If we were to use the Scolioscreen for screening at home, the parents need to be well instructed.

Limitation of this study is the lack of a standardized protocol for performing the Adam Forward Bending Test. However, the introduced variability by lack of standardization was similar for the Scolioscreen and Scoliometer. Moreover, since the Adam Forward Bending Test is performed similarly as during the normal outpatient examination, the results of the current study are more applicable to the daily routine.

In this study, the parents performing the screening test were instructed and were parents from known scoliosis patients, so they are familiar with the AFBT and the Scoliometer measurement. For screening purpose, it will be crucial to have clear and simple instructions on how to perform the test in order to get reproducible results in all layers of society. Exploring the possibilities of self-assessment for scoliosis and supplying parents with the information and tools necessary to be able to perform the self-assessment are the subject of our future research.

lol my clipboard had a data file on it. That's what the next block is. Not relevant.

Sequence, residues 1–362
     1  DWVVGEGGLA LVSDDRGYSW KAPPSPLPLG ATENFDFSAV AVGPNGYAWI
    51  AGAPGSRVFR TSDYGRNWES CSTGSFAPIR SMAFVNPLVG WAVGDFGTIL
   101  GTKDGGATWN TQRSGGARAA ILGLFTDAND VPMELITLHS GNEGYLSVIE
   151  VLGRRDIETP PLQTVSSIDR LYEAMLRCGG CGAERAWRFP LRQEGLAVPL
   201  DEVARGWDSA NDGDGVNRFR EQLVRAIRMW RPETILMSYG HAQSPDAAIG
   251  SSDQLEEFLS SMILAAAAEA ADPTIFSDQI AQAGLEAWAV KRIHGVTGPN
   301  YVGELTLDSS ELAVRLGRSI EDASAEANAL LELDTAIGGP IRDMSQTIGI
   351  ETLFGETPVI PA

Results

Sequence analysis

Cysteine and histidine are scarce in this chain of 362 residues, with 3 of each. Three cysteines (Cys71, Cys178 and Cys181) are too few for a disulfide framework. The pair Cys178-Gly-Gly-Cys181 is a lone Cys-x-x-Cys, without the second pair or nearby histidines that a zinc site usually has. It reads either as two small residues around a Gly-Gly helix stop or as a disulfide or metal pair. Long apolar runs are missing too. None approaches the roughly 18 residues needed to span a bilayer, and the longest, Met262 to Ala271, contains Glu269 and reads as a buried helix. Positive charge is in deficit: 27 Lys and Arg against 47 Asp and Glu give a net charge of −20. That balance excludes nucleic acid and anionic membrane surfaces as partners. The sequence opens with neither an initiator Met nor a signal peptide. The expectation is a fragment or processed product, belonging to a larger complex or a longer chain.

We will initiate a pilot study to evaluate the screening tool in the general population, and we will work on a multistep screening program to enhance the accuracy and precision of the screening method.


This study confirms the accuracy and precision of the Scolioscreen (smartphone with application and casing) when measuring the ATR on patients with AIS. Therefore, the Scoliometer can be replaced by the more easily available Scolioscreen which can be used by both physician and parents.